The post-paid subscribers also spend a lot on roaming and STD and include the bulk of corporate customers.

Those in the know say that RCom is planning to disrupt this market by offering value-added services at a lower tariff.

"While tariff and value-added service innovation has been seen in pre-paid business, most operators have kept post-paid tariffs high without any major innovation," says an analyst.

The target is to get an additional 2 per cent to 3 per cent revenue share of the mobile market.

It is also trying to push its CDMA customers who are only interested in voice to shift to GSM. This will help RCom divert some spectrum to data services where ARPUs are much better.

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Image: A street vendor sells his goods beside a Reliance mobile phone store.
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The company has identified 13 circles in which it has the entire suite of services - 2G, 3G as well as CDMA. The goal is to take leadership position in the data space in these markets by expanding its footprint.

Increasing its subscriber base has been the biggest challenge for RCom. To bring its network at par with other players in the industry, RCom is planning to undertake network coverage expansion through intra-circle arrangements with other telcos in the 2G space.

The target is to enhance its 2G GSM network footprint by 10,000 base stations and bring in an addressable market of over 150 million customers. It has already signed up its first agreement with Aircel.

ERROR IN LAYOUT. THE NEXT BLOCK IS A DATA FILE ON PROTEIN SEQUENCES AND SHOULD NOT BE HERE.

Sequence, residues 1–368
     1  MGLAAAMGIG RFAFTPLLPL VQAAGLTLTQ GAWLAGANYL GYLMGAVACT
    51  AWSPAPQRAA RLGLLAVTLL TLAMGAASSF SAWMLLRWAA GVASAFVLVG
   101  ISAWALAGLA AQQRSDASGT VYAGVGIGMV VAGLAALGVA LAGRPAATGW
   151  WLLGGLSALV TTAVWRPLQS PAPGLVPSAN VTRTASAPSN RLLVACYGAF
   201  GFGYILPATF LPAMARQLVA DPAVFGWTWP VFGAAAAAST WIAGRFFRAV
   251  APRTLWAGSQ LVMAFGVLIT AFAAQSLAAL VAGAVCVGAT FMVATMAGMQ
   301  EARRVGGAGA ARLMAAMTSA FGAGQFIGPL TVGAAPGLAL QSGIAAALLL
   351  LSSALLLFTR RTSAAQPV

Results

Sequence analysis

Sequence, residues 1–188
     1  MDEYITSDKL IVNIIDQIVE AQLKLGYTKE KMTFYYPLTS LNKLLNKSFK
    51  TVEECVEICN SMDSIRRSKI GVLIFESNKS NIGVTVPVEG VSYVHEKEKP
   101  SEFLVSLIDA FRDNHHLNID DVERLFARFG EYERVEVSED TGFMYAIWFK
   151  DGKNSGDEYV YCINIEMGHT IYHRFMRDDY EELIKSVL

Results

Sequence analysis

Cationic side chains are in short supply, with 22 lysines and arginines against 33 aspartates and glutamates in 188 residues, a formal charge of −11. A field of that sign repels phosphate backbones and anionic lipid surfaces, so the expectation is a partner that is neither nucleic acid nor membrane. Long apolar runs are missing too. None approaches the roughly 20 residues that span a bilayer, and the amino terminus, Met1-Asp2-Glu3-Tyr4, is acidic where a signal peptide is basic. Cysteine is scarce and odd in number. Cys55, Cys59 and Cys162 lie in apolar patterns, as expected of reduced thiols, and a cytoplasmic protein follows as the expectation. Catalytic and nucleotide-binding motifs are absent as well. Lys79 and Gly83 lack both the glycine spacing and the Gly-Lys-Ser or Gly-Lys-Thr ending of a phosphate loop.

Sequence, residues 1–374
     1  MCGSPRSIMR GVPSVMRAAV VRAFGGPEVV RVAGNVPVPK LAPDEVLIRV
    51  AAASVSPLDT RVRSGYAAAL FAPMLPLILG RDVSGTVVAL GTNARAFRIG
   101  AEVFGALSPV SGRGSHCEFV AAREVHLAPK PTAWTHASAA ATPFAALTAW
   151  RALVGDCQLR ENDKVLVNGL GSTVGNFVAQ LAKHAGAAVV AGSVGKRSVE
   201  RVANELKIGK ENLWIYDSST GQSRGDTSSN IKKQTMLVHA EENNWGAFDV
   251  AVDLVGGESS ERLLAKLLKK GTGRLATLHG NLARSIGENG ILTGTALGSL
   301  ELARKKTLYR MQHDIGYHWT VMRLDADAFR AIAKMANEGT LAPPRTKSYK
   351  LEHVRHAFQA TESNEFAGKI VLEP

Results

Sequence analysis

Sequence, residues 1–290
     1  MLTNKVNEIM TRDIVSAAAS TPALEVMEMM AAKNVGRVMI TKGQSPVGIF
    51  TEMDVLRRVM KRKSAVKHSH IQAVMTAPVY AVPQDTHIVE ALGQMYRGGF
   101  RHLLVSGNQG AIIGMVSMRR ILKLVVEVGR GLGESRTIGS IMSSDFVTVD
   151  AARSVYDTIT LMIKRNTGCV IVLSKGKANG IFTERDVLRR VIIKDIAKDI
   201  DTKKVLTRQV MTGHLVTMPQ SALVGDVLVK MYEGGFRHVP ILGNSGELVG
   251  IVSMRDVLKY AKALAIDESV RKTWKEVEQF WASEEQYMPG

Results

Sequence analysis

The company has also made a commitment to invest Rs 1,500 crore (Rs 15 billion) directly to expand its network, especially in areas where it already has coverage and to expand its 3G network.

Surely, RCom has charted out a clearly thought-out strategy to steady its boat. However, the future will depend on how well it is able to implement its monetisation plans.

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Image: A customer leaves a Reliance communication store.
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Turnaround Strategy

  • RCom plans to sell majority stake in Reliance Globalcom. Hopes to get Rs 5,500 to Rs 6,000 crore
  • Is also negotiating deals with Reliance Jio to rent out its fibre-optic network and towers. Tower deal expected to fetch company rentals between Rs 720 crore and Rs 860 crore
  • Has outsourced its end-to-end network and BPO operations to cut costs and lower headcount
  • Plans to make a big push to wean away high-paying post-paid customers from rivals in at least 30 cities
  • Will also aggressively push its CDMA customers who are only interested in voice to shift to GSM and free up spectrum for data where average revenue per user is higher
  • Will spend Rs 1,500 crore to expand its network, but will save on capital investment by going in for intra-circle roaming agreements with competing telcos to increase coverage

Image: A cyclist rides past a Reliance communications billboard.
Photographs: Punit Paranjpe/Reuters

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Challenges

  • It will be difficult to get the price it is looking for Reliance Globalcom, especially as there is over-capacity in submarine cables
  • Wooing post-paid customers from well-known incumbents won't be easy
  • It may become too overdependent on one client, Reliance Jio, for revenue
  • Launch of 4G services by Reliance Jio could up the game in the industry. With more spectrum, Reliance Jio could play the pricing game and change the market where tariffs are hardening

Image: Anil Ambani, chairman of the Reliance Anil Dhirubhai Ambani Group.
Photographs: Danish Siddiqui/Reuters